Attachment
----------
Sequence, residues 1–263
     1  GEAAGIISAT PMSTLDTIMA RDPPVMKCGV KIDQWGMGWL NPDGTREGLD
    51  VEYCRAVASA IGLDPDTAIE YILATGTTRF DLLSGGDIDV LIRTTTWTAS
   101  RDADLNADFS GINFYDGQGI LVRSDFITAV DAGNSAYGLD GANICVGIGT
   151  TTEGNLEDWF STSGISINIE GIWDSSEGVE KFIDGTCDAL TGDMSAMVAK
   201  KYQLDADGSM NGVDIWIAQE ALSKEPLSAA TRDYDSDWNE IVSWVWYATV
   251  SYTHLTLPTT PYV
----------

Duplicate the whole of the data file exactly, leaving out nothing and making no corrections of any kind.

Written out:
Sequence, residues 1–263
     1  GEAAGIISAT PMSTLDTIMA RDPPVMKCGV KIDQWGMGWL NPDGTREGLD
    51  VEYCRAVASA IGLDPDTAIE YILATGTTRF DLLSGGDIDV LIRTTTWTAS
   101  RDADLNADFS GINFYDGQGI LVRSDFITAV DAGNSAYGLD GANICVGIGT
   151  TTEGNLEDWF STSGISINIE GIWDSSEGVE KFIDGTCDAL TGDMSAMVAK
   201  KYQLDADGSM NGVDIWIAQE ALSKEPLSAA TRDYDSDWNE IVSWVWYATV
   251  SYTHLTLPTT PYV